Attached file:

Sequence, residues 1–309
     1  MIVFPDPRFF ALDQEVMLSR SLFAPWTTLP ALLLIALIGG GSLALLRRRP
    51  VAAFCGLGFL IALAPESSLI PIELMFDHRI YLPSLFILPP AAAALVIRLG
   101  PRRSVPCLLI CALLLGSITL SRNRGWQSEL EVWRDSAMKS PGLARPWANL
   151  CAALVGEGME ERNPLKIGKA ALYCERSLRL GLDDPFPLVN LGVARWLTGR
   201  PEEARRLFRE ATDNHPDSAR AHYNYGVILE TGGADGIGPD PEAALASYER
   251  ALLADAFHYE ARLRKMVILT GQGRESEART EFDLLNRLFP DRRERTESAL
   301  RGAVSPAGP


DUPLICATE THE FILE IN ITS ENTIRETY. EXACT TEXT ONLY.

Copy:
Sequence, residues 1–309
     1  MIVFPDPRFF ALDQEVMLSR SLFAPWTTLP ALLLIALIGG GSLALLRRRP
    51  VAAFCGLGFL IALAPESSLI PIELMFDHRI YLPSLFILPP AAAALVIRLG
   101  PRRSVPCLLI CALLLGSITL SRNRGWQSEL EVWRDSAMKS PGLARPWANL
   151  CAALVGEGME ERNPLKIGKA ALYCERSLRL GLDDPFPLVN LGVARWLTGR
   201  PEEARRLFRE ATDNHPDSAR AHYNYGVILE TGGADGIGPD PEAALASYER
   251  ALLADAFHYE ARLRKMVILT GQGRESEART EFDLLNRLFP DRRERTESAL
   301  RGAVSPAGP